Oral tumors. Several types of tumors can form in a dog’s mouth. Most are malignant. Surgical removal is an option but sometimes means a dog’s teeth or part of all of its jaw have to be removed. Radiation therapy, including Stereotactic Radiation, might be recommended as an option or in combination with surgery. Early detection can prove helpful, so be mindful of potential symptoms — including but not limited to bad breath, difficulty eating, weight loss, drooling and “ropey” (and possibly bloody) saliva.
Symptoms Of Cancer In Dogs
Be observant to any changes in your dog’s physical appearance and behavior. Not all cancer warning signs are apparent right away, with some changes developing over time. Much like in people, early detection can significantly increase the likelihood of a good outcome.
If you notice any of these symptoms of cancer in your dog, contact your veterinarian to check things out. In the event that cancer is diagnosed, know that a wide variety of cancer treatments are available. Even if the cancer is not curable, there is almost always something that can be done to improve your dog’s quality of life.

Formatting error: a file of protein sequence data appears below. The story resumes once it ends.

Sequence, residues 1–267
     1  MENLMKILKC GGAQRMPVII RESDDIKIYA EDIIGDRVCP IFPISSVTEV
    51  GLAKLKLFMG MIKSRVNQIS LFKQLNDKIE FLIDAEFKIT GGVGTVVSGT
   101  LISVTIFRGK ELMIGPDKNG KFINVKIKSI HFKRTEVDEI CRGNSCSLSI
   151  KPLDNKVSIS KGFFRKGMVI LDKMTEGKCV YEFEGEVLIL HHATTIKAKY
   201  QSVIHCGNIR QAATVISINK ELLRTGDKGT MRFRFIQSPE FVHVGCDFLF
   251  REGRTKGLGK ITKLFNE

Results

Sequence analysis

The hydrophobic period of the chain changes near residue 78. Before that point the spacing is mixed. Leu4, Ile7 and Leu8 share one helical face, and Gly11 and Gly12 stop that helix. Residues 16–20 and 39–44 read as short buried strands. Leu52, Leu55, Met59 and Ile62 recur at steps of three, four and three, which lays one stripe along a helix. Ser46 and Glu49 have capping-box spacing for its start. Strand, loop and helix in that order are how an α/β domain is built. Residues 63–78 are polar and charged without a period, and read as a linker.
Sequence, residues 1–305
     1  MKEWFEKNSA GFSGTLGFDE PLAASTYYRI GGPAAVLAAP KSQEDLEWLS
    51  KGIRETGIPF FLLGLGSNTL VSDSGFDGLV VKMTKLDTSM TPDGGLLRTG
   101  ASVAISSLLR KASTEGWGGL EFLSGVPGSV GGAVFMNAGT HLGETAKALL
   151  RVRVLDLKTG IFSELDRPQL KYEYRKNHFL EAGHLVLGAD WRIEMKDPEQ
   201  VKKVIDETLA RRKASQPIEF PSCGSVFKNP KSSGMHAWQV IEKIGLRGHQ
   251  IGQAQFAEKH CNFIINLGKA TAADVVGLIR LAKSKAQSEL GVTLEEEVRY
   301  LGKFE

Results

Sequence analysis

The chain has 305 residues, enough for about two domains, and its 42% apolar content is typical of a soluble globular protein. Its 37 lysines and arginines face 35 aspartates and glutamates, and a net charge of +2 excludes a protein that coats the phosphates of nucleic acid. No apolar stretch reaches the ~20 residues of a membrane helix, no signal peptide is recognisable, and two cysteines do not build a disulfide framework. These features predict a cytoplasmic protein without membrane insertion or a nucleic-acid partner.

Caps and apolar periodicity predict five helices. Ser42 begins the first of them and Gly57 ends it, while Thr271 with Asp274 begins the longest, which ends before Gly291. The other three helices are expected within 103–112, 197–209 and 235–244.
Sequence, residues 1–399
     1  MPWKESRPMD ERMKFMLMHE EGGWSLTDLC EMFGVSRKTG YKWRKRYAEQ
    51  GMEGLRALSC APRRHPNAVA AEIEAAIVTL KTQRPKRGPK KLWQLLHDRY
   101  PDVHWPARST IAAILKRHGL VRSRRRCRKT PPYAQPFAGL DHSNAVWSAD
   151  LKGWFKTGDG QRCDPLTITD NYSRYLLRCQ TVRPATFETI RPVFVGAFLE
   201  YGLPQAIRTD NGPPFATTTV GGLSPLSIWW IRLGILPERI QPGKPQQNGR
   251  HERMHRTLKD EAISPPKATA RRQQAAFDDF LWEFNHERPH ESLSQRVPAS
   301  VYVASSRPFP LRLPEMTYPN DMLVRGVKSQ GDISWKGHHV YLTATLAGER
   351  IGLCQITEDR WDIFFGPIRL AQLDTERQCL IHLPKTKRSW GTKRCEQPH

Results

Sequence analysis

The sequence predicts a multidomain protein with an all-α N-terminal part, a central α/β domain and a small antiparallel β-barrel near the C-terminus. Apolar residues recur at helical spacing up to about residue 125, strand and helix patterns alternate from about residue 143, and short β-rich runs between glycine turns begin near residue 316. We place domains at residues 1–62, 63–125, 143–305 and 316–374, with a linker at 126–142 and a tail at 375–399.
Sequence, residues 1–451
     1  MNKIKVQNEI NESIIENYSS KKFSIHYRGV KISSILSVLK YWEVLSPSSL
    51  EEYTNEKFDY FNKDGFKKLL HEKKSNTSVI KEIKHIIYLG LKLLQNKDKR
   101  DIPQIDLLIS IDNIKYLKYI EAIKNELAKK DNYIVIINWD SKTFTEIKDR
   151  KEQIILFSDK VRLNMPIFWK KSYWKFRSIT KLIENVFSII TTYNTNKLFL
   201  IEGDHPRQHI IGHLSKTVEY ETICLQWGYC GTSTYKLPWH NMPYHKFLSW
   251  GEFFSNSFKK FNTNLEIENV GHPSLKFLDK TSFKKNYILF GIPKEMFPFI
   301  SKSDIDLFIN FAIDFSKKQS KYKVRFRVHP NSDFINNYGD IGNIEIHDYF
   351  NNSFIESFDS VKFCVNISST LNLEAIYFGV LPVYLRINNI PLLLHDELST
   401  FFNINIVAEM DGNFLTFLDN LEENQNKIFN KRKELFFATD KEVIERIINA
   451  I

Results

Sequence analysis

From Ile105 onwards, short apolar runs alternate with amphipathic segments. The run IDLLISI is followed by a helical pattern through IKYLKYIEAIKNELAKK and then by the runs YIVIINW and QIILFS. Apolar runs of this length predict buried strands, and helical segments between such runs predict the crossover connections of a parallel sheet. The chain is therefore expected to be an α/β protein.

- Enlarged or changing lumps and bumps
- Sores that do not heal
- Chronic weight loss or weight gain
- Change in appetite
- A persistent cough
- Persistent lameness or stiffness
- Unpleasant odor from the mouth
- Difficulty breathing, eating or swallowing
- Difficulty urinating or defecating
- Bleeding or discharge from any opening
Regular wellness exams will provide your veterinarian the opportunity to check for signs of cancer, but you can take a more proactive approach to your dog’s health by looking for these warning signs regularly. When in doubt, get it checked out.
What To Do If Your Dog Has Cancer
If your dog has been diagnosed with cancer, get in touch with one of our Pet Advocates at (833) PET-HERO or your local PetCure Oncology center. Our experienced, compassionate team is here to help and answer your questions about cancer in dogs and the various treatment options.
Resource To Help Pet Parents When Pets Diagnosed With Cancer
National Cancer Institute Center for Cancer Research. Accessed July 23, 2018, from https://ccr.cancer.gov/Comparative-Oncology-Program/pet-owners/disease-info